More on Learning Objectives

2011 Symposium2

No matter what we do, having a target in mind is essential. If we don’t know what we are trying to accomplish, nothing but sheer luck can bring our endeavor to a successful conclusion. In fact, without a target, we can’t even know what success is or how to recognize we have succeeded. This goes for both teachers and students. Both need to know what the target is, what progress has been made, and when success has been reached. Knowing how to write  a good learning objective is key to having and communicating useful targets. A good learning objective has four traits. It is specific, measurable, clear, and related to a body of knowledge, skills and meaningful learning. Let’s take these traits one at a time to fully understand them.

First, a good learning objective is specific. Learning objectives are different anticipatefrom goals, which should give a general overview of what the student will learn and be able to do at the conclusion of instruction. Learning objectives are specific in that they hone in on a single thing that a student will be able to do. Making the objective specific allows the student to know exactly what is expected and why that expectation is being made. For example a good objective might go like this: “students will be able to identify the key of each work they are playing in band, and be able to play the ascending and descending scale of that key accurately in sixteenth notes at 60 bpm.”  An example of a bad objective for the same expectation might be something like this: “Students will understand scales of pieces they play in band.” Whereas the first objective states precisely what the student will do to demonstrate understanding, the second objective doesn’t even give a clue what the student is expected to do. It does not indicate what is meant by “understand scales,” nor does it make clear what connection between scales and musical works the student is expected to make. Without specifying these things, the student is unlikely to know what he or she is supposed to do, and stands little chance of succeeding at whatever the teacher had in mind. There should be no mystery about the teacher’s intent. Both teacher and student must know exactly what the student is to do and learn.

i-get-itSecondly, the objective must be measurable. It is a fairly simple matter to take the good objective and derive an assessment from it. The student indicates what key a piece is in, which is a knowledge question that can be answered aurally or in writing, and then the student plays the scale. The good objective includes only verbs that can be measured, identify and play, and that can easily be linked to Webb’s Depth of Knowledge. It also includes a description of what will be identified and what will we played.  A rubric constructed for the purpose can be used to rate the tempo (60 b.p.m.), the rhythm used (sixteenth notes) and the accuracy of the pitches. By contrast, it is impossible to form an assessment from the bad objective, because there is no way of knowing exactly what the student is supposed to to do or what the student is supposed to learn from doing it.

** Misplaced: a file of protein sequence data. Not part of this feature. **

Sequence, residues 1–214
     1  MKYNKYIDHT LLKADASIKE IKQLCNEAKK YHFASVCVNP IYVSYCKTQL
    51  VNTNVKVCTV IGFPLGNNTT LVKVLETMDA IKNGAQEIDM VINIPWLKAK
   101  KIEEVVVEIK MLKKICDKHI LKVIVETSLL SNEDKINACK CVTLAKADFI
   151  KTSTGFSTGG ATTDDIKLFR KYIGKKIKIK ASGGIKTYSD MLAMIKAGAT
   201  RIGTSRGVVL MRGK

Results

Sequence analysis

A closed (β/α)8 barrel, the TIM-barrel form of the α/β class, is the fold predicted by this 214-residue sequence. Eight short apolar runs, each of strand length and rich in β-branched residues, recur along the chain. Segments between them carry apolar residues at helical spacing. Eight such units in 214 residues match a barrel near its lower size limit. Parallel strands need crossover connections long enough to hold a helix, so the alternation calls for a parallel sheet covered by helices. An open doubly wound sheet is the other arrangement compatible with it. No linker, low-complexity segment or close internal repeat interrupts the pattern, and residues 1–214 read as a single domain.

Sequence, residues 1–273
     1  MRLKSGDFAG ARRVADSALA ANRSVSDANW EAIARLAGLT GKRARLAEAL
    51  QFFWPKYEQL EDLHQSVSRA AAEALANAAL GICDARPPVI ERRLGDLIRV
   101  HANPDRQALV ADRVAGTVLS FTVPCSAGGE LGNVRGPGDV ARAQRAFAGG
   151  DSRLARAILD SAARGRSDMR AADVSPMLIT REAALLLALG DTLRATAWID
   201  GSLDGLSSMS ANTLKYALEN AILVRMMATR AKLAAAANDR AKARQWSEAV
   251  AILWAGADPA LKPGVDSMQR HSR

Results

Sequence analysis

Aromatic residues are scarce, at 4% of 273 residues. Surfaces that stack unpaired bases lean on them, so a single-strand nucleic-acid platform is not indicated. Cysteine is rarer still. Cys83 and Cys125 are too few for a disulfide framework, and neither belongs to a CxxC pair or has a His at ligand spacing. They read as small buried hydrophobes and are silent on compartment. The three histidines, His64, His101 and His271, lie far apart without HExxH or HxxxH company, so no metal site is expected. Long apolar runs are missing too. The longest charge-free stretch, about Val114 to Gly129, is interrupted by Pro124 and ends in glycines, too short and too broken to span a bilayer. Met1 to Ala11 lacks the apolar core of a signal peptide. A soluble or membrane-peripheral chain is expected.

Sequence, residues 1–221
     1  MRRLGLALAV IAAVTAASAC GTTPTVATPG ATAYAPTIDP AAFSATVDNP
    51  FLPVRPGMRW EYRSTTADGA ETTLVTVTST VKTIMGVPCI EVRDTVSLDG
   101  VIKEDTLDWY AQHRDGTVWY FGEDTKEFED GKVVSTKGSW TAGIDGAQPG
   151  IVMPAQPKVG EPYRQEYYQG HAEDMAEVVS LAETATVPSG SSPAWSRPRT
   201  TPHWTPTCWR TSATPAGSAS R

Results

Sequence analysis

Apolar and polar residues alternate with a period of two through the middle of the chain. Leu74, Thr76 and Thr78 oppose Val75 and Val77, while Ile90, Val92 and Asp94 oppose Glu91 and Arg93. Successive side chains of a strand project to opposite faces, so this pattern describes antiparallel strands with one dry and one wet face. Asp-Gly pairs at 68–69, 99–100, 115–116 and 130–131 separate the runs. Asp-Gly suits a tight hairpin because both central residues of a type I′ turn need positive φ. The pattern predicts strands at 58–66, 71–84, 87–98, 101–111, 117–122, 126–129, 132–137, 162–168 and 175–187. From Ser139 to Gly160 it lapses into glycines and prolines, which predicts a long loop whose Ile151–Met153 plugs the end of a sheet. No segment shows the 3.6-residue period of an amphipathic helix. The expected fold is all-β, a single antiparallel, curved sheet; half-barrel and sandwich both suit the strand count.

Learning objectives are written for the teacher, student, observing administrator, and parents. These are all interested parties in the education of children. In the case of music, it is not uncommon for observing administrators to lack content knowledge, so objectives must be written plainly so they can be understood by the non-music specialist. Parents must also be able to understand learning objectives. They have an interest in understanding what is expected of their child in music class, and well written and widely understood objectives adds credibility to music as an academic and core subject. Taken together, learning objectives should present a very clear picture of purpose, and outline a set of actions that students can readily complete.

Finally, learning objectives must be related. They must clearly align withmusic and the brain knowledge, skills and meaningful learning. A purposeful and logical order to the objectives must be apparent, with one objective building on another, addressing a single topic from multiple perspectives, or covering several elements or concepts that are part of an essential understanding. Taken together, good learning objectives will reveal a continuity of instruction, whereas bad learning objectives will appear to be random, haphazard, and poorly organized. Good objectives will lead learners through learning sequences and units of study, leaving them with the assurance that they are growing and making gains in their studies.


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